Lombardi, With Dan Lauria as Football Hero, Has Broadway Kick-Off Sept. 23 | Playbill

News Lombardi, With Dan Lauria as Football Hero, Has Broadway Kick-Off Sept. 23
The stadium lights shine down on Lombardi, a new play about American football coaching legend Vince Lombardi, starting Sept. 23 at Broadway's arena-style Circle in the Square Theatre. Character actor Dan Lauria ("The Wonder Years") takes the field as the passionate, inspiring hero.

Dan Lauria
Dan Lauria Photo by Joan Marcus

Eric Simonson's play is drawn from the best-selling biography "When Pride Still Mattered: A Life of Vince Lombardi" by David Maraniss. Set over a week in 1965 — five years before Lombardi's death from stomach cancer at age 57 — the play is told by a sports reporter, a character named Michael McCormick, played by Keith Nobbs (Off-Broadway's Stupid Kids, Four, Fuddy Meers), who comes to live with Vince and his wife Marie (played by Judith Light, of TV's "Who's the Boss?" and "Ugly Betty" and Off-Broadway's Wit) to do research for a Look magazine piece. Three football players (Bill Dawes as Paul Hornung, Robert Christopher Riley as Dave Robinson and Chris Sullivan as Jim Taylor) help illustrate Lombardi's approach to work, life, people and the period.

Tony Award nominee Thomas Kail (In the Heights) directs the production, which had a quiet tryout July 22-28 at the Mahaiwe Performing Arts Center in Great Barrington, MA.

Lombardi's Broadway opening night is Oct. 21. Producers Tony Ponturo and Fran Kirmser have the National Football League as a special producing partner, marking the organization's first brush on Broadway.

Lauria, a stage and film actor with the doughy but leathery look — and genuine gap-tooth — of Brooklyn's Lombardi, said he knew "quite a lot" about the hisotry of the Green Bay Packers coach. "I played ball on Long Island — Lindenhurst," Lauria told Playbill.com. "It was all Catholics, all Irish or Italian, and Coach Lombardi was with the Giants then. So we knew him before he went to Green Bay, and of course, after he became the legend that he is, I read all the books. I even read David's book the second it came out, so now [research-wise] it's more about re-reading them. But we actually learned a little bit more from [meeting] the actual players… Half the stories we can't tell you."

Lauria doesn't narrate the 90-minute play as Lombardi, but he does address the audience. He said, "I refer to the audience as if they're in a locker room, so my locker room speeches are as if the audience was the players. But Keith Nobbs plays a young reporter, and he talks directly to the audience and fills in the history of Lombardi. I think you'll learn a lot about the working of the man, but let's face it, you could do a 90-minute play just on Lombardi's effect on the black players and what he did for them. You could do 90 minutes on how the obsession of winning affected his family. You could do 90 minutes on his negotiation with the New Players' Association, the unions…." Reporter Michael McCormick is the only fictional character in the play. Nobbs explained, "He's an amalgamation, basically, of W.C. Heinz, who's a sportswriter of the day; David Maraniss, who wrote the book 'When Pride Still Mattered,' which the play is based on; and then there are echoes of Vincent, Jr., Vince's son, whom he kind of had this difficult relationship with. You can imagine having Vince Lombardi as a father. …So we kind of have this surrogate father-son relationship where we trigger each other and push each other outside our comfort zones a little bit."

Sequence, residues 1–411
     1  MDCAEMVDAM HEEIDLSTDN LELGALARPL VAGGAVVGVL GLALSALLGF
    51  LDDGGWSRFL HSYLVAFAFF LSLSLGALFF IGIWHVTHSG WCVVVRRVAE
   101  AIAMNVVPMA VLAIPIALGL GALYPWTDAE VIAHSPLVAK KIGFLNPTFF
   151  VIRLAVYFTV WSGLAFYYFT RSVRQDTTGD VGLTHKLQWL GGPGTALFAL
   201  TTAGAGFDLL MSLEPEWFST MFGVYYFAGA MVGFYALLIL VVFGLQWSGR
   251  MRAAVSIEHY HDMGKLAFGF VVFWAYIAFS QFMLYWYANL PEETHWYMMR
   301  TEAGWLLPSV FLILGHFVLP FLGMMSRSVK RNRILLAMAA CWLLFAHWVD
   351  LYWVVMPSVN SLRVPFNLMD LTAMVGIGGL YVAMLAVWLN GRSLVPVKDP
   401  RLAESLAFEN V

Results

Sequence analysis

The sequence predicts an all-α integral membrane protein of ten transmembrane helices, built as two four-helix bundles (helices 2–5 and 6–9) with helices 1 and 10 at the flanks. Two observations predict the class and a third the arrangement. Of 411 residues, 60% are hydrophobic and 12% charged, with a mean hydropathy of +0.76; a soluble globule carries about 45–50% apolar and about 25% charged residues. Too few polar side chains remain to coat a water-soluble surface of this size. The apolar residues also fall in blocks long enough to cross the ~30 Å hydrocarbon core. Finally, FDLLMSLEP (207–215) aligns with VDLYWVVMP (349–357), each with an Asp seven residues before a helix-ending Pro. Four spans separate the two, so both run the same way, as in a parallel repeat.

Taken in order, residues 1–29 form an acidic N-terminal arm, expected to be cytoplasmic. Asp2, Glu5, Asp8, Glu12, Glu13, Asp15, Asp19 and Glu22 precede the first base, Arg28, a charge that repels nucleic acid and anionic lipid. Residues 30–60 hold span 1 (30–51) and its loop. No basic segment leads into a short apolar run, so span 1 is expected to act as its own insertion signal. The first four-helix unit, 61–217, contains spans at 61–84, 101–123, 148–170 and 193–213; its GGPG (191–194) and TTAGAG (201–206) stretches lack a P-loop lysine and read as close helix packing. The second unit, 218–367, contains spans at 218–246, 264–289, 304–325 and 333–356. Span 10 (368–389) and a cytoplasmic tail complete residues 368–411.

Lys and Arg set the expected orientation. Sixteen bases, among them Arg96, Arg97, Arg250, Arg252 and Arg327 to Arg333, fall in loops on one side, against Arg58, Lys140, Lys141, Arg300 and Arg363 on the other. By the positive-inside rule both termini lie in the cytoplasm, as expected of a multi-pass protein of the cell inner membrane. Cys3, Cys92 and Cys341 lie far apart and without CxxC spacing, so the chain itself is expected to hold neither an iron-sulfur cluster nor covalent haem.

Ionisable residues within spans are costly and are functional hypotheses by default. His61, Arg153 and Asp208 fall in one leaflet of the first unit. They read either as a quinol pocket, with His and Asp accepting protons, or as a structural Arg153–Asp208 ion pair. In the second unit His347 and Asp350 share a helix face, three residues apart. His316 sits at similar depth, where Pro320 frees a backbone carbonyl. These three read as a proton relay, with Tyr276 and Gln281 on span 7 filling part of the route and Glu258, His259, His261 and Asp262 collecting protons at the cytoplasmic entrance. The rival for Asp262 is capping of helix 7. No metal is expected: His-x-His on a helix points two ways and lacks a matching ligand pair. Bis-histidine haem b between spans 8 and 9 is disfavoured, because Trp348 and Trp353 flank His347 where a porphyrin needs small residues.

The creative team includes David Korins (set), Paul Tazewell (costumes), Howell Binkley (lighting), Acme Sound Partners/Nevin Steinberg (sound) and Zach Borovay (projections).

Playwright Simonson is an ensemble member of the renowned Steppenwolf Theatre Company, a post he maintains while working as a writer and director for film, television, theatre and opera. Most recently he completed a documentary for HBO called "Studs Terkel: Listening to America." His documentary "A Note of Triumph: The Golden Age of Norman Corwin" won the 2006 Oscar for Documentary Short. He was also nominated for an Oscar for his documentary "On Tiptoe: Gentle Steps to Freedom" in 2001. Other films include "Hamlet" (co-directed with Campbell Scott) for Hallmark Entertainment, and an independent feature, "Topa Topa Bluffs." His directing and writing credits in theatre include work at Steppenwolf Theatre, The Huntington Theatre, Milwaukee Rep, Kansas City Rep, The Kennedy Center, Pasadena Playhouse, Seattle Rep, Milwaukee Rep, Arizona theatre, San Jose Rep and Court Theatre in Chicago. His work at Steppenwolf includes premieres of his plays Carter's Way, Honest and Fake; and Nomathemba (co-written with Ntozake Shange and Joseph Shabalala), and The Song of Jacob Zulu, which was invited to the Perth International Arts Festival, ran on Broadway, and received six Tony nominations including Best Director.

His several plays include published works Bang the Drum Slowly and Work Song (co-written with Jeffrey Hatcher) and the adaptation of Kurt Vonnegut's Slaughterhouse-Five, all of which have been produced at theatres across the country.

Tickets can be purchased online at www.telecharge.com, by phone at (212) 239-6200, or in person at the box office (50th Street, west of Broadway). Visit www.lombardibroadway.com.

Robert Christopher Riley, Bill Dawes, Chris Sullivan, Dan Lauria, Keith Nobbs and Judith Light
Robert Christopher Riley, Bill Dawes, Chris Sullivan, Dan Lauria, Keith Nobbs and Judith Light

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